Living Structures, Cart Macabre

Review in Issue 21-2 | Summer 2009

Thrilling, exciting, provocative, sickening, challenging, wondrous… The list could easily continue, but you would have no idea what I was talking about. Although, going into Living Structure’s performance experience Cart Macabre, it’s advisable that you know as little as possible – to stay in the dark, you could say.

Upon arrival I was asked to empty my pockets and hand the contents over. I also willingly gave up my bag and jacket, and sat in anticipation. Laying on a wooden stretcher, being wheeled horizontally through the hip Shunt crowd, is like being in your own Hunter S Thompson-inspired film. Suddenly you are thrust into a pitch-black space, and guided to a seat in an even darker small box – a tiny cart which, over the next hour or so, is pushed along a track, spun around roller-coaster style, and rocked as if floating in the sea. Meanwhile, Living Structures present us with a series of film and shadow animations, tableau images, and mini-performances, viewed from shutters in front and behind, whilst haunting voices harmoniously sing tales of setting out to sea, or of the temporary nature of this life on earth.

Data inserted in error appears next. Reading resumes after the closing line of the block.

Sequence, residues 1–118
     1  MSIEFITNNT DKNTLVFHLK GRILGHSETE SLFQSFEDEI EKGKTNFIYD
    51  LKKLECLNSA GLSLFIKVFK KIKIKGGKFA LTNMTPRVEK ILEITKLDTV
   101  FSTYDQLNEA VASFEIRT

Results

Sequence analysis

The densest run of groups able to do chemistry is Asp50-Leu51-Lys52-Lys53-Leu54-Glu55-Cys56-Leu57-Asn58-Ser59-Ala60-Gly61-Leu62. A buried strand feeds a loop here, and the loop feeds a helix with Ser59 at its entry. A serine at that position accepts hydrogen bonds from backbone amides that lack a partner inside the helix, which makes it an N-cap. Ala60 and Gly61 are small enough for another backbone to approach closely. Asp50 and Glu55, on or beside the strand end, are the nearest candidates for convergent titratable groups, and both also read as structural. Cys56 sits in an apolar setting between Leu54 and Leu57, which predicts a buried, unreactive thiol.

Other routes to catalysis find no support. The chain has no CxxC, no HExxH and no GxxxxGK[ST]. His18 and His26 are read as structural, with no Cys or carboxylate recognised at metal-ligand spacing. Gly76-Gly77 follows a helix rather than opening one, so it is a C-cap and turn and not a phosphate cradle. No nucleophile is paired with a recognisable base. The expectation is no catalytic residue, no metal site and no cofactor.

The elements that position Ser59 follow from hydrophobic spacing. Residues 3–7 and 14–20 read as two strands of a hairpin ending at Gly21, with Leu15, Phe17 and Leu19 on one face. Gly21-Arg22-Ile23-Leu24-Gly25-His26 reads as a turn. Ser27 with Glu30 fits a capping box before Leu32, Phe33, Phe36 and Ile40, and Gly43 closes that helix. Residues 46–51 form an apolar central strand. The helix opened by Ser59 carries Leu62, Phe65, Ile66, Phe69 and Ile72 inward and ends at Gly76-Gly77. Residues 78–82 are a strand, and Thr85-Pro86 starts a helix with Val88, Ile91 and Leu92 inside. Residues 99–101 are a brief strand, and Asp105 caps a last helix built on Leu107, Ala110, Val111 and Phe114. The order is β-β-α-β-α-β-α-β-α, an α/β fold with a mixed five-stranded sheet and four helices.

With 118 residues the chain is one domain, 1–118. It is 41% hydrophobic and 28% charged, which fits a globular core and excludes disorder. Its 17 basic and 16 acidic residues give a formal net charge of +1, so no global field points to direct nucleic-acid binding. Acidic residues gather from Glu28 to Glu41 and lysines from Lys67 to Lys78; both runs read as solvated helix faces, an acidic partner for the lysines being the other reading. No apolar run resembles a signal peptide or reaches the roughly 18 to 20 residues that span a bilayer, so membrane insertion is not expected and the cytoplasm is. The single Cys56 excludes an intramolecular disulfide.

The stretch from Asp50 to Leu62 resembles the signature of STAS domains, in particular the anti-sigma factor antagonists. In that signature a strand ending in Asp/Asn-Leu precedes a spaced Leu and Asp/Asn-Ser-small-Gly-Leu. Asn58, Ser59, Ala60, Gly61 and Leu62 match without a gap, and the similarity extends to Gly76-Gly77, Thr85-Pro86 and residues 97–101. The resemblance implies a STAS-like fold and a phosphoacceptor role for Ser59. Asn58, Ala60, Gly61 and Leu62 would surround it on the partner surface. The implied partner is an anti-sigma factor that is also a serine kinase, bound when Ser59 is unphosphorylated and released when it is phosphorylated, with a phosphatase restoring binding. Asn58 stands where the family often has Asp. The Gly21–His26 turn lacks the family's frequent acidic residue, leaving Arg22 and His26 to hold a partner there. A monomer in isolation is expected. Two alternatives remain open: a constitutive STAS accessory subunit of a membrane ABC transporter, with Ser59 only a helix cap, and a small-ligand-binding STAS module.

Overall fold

There are some extraordinary images, the most poignant of which is a lone woman on a bed whom we watch as if above her, like a fly on the ceiling. The piece is an exhilarating exploration of the pointlessness of human existence, which asks big questions and answers them with startling images, ranging from a sickening video of a pair of hands ripping up a heart to a delicate butterfly-puppet fluttering around a lone candle.

An experience to be savoured.

Presenting Artists
Presenting Venue
Date Seen
  1. Feb 2009

This article in the magazine

Issue 21-2
p. 31